Internet Control Message Protocol

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ICMP (Internet Control Message Protocol)
Family: Internet protocol family
Operation area: Mandatory addition

to the Internet Protocol ,
error messages, diagnostics

ICMP on the TCP / IP protocol stack
Internet ICMP
Network access Ethernet Token
FDDI ...
Standards: RFC 792 (1981)

The Internet Control Message Protocol ( ICMP ) is used in computer networks to exchange information and error messages via the Internet protocol version 4 ( IPv4 ). A similar protocol called ICMPv6 exists for IPv6 .

ICMP is part of IPv4, but is treated like a separate protocol. Every router and every computer is expected to "understand" ICMP. Most ICMP packets contain diagnostic information: They are sent back from the router to the source if the router discards packets, for example because the destination cannot be reached or the TTL has expired. The following principles apply:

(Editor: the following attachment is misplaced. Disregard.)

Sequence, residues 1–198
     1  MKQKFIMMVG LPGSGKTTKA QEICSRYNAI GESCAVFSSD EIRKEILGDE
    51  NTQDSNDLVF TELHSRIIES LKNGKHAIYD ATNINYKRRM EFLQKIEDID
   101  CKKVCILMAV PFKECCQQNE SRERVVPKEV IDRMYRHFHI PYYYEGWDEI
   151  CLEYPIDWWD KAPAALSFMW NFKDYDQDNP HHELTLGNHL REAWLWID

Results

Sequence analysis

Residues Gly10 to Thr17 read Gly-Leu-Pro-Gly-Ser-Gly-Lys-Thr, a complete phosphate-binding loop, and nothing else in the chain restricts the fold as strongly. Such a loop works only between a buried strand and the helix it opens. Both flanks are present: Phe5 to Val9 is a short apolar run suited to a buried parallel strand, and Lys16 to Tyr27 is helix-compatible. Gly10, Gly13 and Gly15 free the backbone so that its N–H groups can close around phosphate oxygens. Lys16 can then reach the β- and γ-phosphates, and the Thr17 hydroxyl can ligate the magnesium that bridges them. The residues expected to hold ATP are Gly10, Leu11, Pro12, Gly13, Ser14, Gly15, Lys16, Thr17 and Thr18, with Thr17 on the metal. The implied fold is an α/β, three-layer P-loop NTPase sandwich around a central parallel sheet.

• ICMP uses IP as the basis of communication by interpreting itself as a protocol of a higher layer, i. H. ICMP messages are encapsulated in IP packets.
  • ICMP detects some error conditions but does not make IP a reliable protocol.
  • ICMP analyzes errors in every IP packet, with the exception of those that carry an ICMP message.
  • ICMP messages are not sent in response to packets to destination addresses that are multicast or broadcast addresses.
  • ICMP messages only respond to a unique source IP address.

The ICMP packet types

The type of the ICMP packet is an 8- bit number at the beginning of the ICMP header . The numbers have the following meanings:

  • 0 = echo (response)
  • 1–2 = not assigned
  • 3 = destination of the datagram cannot be reached